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Anime, Mawaru Penguindrum

Mawaru Penguindrum 20 – TL Notes, Observations

Very well-thought-out, tightly written script, directed nicely in this week’s episode.

As some of you may have noticed, some Brazilian group got access to our half-edited script and leaked it this week… Well, it’s all good because I stole their timing and pasted the updated script over lol. Thx Morningspeed. Our timer was enjoying his thanksgiving so everything worked out 🙂

It’s hard to believe someone would bother hacking into Titanpad just to leak the script though…

The episode starts with a flashback, presumably not too long before March 20, 1995. I find the final sentence of the description to be very interesting.

Similar doors, “hard to tell which one’s real”. Kenzan later says a wtf line about making Earth a habitable place where the mankind would only need to rely on “true” things. Maybe the flashback description was a foreshadowing of sorts about what’s real and what’s not in the remaining episodes…

“Which one’s righteous”. I have a feeling this is about Sanetoshi vs Momoka. Maybe “similar doors” is a metaphor for different “tracks” of fate.

Could very well be “This world is on the wrong track”, as in they’re trying to “correct” the fate’s track. Although we’re not sure yet, so the safer, smoother translation was chosen.

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「罪」 has been used as “Crime” and Punishment of late, but it seems to have shifted back to “sin” in this episode, and it was translated as such.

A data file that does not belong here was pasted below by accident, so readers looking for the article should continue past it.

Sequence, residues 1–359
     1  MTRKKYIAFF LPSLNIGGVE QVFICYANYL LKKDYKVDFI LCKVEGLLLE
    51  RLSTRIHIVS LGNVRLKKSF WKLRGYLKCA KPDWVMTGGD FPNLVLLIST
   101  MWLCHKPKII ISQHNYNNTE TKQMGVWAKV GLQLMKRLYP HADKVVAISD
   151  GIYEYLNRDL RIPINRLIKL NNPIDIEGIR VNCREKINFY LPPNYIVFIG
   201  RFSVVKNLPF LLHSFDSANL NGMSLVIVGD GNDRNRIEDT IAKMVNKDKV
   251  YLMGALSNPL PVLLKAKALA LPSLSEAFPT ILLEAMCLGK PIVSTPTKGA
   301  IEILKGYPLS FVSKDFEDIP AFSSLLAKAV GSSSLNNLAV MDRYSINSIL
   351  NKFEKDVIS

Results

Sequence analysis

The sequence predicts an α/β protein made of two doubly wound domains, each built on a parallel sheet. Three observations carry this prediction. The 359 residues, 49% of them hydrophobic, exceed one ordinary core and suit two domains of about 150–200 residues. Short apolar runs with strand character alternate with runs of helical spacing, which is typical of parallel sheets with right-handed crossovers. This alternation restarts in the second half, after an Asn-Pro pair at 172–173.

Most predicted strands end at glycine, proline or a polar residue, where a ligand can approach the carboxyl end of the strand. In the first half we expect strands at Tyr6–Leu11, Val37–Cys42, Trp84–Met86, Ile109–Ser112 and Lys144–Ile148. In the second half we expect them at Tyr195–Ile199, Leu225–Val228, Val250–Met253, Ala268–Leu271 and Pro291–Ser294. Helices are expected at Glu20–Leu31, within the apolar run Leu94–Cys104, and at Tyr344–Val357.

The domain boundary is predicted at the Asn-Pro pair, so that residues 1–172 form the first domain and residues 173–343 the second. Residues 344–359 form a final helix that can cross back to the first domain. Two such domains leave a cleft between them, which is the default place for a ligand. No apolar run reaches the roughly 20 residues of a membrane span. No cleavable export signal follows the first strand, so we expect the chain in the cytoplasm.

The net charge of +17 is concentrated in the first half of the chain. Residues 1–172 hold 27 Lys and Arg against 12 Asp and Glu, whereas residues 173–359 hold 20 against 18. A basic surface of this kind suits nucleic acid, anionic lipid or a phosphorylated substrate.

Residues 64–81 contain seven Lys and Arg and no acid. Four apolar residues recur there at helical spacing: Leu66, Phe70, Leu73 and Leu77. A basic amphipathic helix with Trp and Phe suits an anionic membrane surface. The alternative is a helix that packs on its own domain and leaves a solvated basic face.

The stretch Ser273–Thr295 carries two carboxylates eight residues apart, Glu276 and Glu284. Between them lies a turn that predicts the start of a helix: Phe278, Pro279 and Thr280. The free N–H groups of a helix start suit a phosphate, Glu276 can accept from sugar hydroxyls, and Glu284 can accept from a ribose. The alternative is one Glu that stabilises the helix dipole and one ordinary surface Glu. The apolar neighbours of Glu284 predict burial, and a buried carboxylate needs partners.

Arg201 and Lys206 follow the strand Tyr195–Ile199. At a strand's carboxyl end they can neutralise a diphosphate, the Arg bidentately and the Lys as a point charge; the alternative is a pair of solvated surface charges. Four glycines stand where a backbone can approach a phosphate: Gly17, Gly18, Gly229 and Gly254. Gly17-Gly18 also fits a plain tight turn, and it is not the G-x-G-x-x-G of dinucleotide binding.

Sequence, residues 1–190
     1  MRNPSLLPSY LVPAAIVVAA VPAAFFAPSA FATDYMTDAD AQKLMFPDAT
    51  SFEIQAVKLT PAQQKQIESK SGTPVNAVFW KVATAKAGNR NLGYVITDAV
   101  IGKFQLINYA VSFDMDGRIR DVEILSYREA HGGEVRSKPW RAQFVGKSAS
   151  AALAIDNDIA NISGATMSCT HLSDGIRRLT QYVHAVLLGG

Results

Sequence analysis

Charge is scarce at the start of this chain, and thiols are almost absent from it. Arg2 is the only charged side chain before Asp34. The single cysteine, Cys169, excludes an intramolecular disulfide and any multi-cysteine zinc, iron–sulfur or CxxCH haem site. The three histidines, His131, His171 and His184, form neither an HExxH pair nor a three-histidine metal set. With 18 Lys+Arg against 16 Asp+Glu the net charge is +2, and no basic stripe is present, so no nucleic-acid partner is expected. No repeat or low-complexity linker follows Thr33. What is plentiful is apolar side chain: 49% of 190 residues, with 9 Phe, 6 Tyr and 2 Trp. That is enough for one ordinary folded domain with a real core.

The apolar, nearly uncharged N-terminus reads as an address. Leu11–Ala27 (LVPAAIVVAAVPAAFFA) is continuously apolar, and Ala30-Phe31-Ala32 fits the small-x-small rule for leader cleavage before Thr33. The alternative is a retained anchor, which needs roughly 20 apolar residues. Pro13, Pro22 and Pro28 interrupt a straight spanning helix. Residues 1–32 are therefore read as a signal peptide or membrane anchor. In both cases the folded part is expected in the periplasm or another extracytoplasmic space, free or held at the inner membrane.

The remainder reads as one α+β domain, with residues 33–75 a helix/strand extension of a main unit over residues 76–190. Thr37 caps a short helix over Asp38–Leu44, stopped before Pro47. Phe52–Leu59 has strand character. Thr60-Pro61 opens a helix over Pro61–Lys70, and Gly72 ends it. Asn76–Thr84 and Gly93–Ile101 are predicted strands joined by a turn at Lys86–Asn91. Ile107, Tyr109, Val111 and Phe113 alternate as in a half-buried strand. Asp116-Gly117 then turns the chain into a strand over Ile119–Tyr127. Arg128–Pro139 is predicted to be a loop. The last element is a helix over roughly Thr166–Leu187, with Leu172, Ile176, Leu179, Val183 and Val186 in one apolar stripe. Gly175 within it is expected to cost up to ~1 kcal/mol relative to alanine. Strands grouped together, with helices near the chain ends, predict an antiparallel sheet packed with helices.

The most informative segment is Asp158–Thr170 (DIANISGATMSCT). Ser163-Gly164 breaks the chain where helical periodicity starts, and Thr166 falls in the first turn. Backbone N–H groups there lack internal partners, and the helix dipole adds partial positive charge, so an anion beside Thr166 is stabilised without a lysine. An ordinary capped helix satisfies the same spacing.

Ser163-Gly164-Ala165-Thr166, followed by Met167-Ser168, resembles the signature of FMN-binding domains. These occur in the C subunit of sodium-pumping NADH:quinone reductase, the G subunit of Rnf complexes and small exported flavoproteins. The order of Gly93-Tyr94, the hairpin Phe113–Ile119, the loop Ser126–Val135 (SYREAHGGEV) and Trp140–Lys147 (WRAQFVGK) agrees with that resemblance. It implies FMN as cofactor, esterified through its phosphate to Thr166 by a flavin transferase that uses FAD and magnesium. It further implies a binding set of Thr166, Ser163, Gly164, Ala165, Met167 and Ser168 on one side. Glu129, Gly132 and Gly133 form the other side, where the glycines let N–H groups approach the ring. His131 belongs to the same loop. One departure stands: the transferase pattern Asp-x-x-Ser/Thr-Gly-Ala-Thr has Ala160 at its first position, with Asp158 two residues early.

Kenzan’s speech was once again about duality of the world, clearly divided into two groups,

Winning and losing. (Applies to all below)
Ranking above and below. (Wealth without Work)
Profitable and unprofitable. (Commerce without Morality, Science without Humanity)
Accepted and unaccepted. (Quoted later by Natsume)
Chosen and Unchosen. (Worship without Sacrifice, Quoted later by Himari)
Taking without giving. (Politics without Principle)

Notice how every item of his criticism falls below the Seven Social Sins as seen in Ep9, or later discussed in this episode. This creates the ground for why he thinks the world is “corrupt/wronged”.

Ep9 title. In context, it can interpreted as the world without hope.

Almost certainly the reference to Prometheus’s Torch also mentioned in Ep12.

Remember, this torch was a “taboo” in the story told by Shouma and its ash saved the tree (most likely Momoka). This is very confusing because from last few episodes, it seemed like Kenzan became the leader of the organization that serves Sanetoshi. Mention of the torch here implies their goal would bring Momoka, Sanetoshi’s arch rival, back to life.

Maybe Momoka is more powerful “dead”… She became the Goddess after death?